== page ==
Back in the pre-COVID 19 era, my body would regularly feel tight from all the heavy resistance training in the gym. Daily muscle soreness would plague me and somehow, I’ve become desensitized to the pain. 5 months into the lockdown and somehow my body feels different. It seems that I’ve forgotten the tightness the iron brings. However, amidst this unfamiliar and somewhat uncomfortable suppleness, a new form of tension looms.
With limited equipment at home to do my workouts, repeating exercises and adding more volume to these exercises pose a risk to increase tightness once again. Needless to say, the mental and emotional stress brought by the pandemic also made my body feel locked up. Good thing is, I have a foam roller at home.
What is Foam Rolling?
Foam rolling is a form of manual therapy, just like massages. It became popular in the fitness scene (it was first used in the ballet world prior) during the 1980‘s and has since been considered to have many benefits. The top 3 benefits include:
1) Increase in flexibility/ range of motion
2) Reduce muscle soreness
3) Improve athletic performance
Increase in Flexibility
Our muscles, bones, organs and nerve fibers are all joined together and covered in a sheet of connective tissue called the fascia. Like a plastic covering a book, fascia protects the body and provides structural support, making it more intact. Fascia, however, can get tight and the fascia covering the muscles called myofascia can make your body feel stiff and limited. This is because when the muscle contract, they release lactate, a glue-like substance that binds muscle fibers together. The more you exercise, the more lactate byproduct is stored in your muscle fibers and the tighter you become. Emotional stress can also make the muscles stiff but we’ll save this for another article.
This is where myofascial release techniques like manual therapy and foam rolling comes in.
Foam rolling uses your own bodyweight to apply a localized pressure on a tight muscle, say your left Trapezius. The physical pressure literally softens up and releases the tight muscle fibers apart and the heat from the friction improves blood flow in that area. The effect is a feeling of looseness and relaxation.
Reduce Soreness (DOMS)
If you train hard enough, you most likely have experienced DOMS or delayed onset muscle soreness, which occur 1 to 2 days after. To prevent this, research has shown that foam rolling after your workout can reduce the pain experienced during this time frame. According to the Meta-analysis of the Effects of Foam Rolling on Performance and Recovery by Thimo Weiwelhove, there are analgesic effects from foam rolling mainly by mediating the body’s pain receptors. And because of the increased blood flow to the muscles, the byproducts causing the pain are cleared more efficiently thus reducing the pain from stiffness. More research is needed on these exact claims but the current findings and promising.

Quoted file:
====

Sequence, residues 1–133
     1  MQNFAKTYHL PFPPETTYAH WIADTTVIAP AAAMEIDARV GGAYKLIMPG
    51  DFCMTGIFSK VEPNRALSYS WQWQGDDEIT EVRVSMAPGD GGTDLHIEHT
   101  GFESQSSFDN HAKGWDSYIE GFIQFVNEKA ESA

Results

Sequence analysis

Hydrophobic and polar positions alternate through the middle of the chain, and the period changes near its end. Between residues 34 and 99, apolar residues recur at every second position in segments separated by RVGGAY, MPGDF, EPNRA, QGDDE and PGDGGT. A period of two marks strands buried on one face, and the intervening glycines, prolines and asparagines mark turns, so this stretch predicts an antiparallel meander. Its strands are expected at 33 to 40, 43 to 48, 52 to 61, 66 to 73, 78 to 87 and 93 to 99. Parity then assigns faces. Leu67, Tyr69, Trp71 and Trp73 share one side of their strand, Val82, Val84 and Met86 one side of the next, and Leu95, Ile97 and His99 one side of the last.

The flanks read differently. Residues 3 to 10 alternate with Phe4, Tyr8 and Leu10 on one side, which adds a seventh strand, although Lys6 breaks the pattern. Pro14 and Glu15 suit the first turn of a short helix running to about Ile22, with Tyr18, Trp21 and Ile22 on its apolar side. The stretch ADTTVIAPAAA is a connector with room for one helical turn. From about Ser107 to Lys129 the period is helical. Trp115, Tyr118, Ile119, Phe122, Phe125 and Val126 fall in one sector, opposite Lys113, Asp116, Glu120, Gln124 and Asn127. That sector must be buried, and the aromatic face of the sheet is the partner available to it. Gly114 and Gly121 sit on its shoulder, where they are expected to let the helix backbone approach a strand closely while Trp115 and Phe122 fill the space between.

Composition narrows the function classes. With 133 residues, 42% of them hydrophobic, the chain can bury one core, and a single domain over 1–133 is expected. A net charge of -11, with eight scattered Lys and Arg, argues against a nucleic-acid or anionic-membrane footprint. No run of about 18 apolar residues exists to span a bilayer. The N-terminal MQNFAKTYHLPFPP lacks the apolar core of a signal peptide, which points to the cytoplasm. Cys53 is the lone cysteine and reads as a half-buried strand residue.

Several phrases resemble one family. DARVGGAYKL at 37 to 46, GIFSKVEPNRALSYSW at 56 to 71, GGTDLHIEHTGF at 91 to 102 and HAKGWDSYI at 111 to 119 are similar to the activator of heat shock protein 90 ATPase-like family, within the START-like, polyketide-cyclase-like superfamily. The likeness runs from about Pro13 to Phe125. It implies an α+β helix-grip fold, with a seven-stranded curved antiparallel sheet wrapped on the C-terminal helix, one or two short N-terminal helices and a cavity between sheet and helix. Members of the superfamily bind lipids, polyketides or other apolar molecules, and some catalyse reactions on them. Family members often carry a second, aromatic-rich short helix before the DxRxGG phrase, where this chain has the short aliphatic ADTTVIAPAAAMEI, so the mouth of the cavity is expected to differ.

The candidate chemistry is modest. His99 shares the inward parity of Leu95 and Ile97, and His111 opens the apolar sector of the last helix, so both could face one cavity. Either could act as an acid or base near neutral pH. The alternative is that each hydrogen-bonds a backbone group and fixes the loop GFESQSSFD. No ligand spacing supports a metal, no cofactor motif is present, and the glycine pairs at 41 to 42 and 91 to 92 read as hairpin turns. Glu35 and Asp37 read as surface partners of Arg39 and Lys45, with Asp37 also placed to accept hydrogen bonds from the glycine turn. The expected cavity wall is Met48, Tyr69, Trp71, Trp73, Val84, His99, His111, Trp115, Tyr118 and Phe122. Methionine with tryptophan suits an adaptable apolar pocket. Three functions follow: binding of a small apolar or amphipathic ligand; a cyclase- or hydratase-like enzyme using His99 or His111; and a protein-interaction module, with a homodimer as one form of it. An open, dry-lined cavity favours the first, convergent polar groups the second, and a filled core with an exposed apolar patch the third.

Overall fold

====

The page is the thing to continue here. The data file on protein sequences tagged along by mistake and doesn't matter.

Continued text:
Improve Athletic Performance
The reduction of DOMS mentioned above is mainly achieved when foam rolling is done after a workout. To improve athletic performance, you need to foam roll prior. Foam rolling before a workout serves as a great warm up in addition to dynamic warm ups. It mechanically activates muscle fibers causing them to fire more efficiently during exercise. The improvement of range of motion also helps recruit more muscle fibers during the contraction phase.
Here’s my general recommendation on foam rolling done before and/or after a workout:
3 to 5 sets of 20 to 30 secs on a tight spot. Perform 3 to 5 days a week. Use a sweeping motion from the origin of the muscle, along the belly and into the insertion or spend a few seconds on one spot to release adhesions.
Check out this video for a demo of my foam rolling routine.
At a time when we are stuck at home for prolonged periods, we can feel tired, stiff and fatigued not only from over-exercising the same muscle groups, but also from worry and anxiety which shorten our breaths causing poor blood circulation. Foam rolling can help restore our balance and release tension physically and emotionally.
Although a great body of research regarding the mechanism foam rolling is still lacking, the current research is showing some positive effects on improving flexibility, reduction of soreness and improved athletic performance. There’s really nothing to lose and even more to gain and I suggest to try it out for yourself.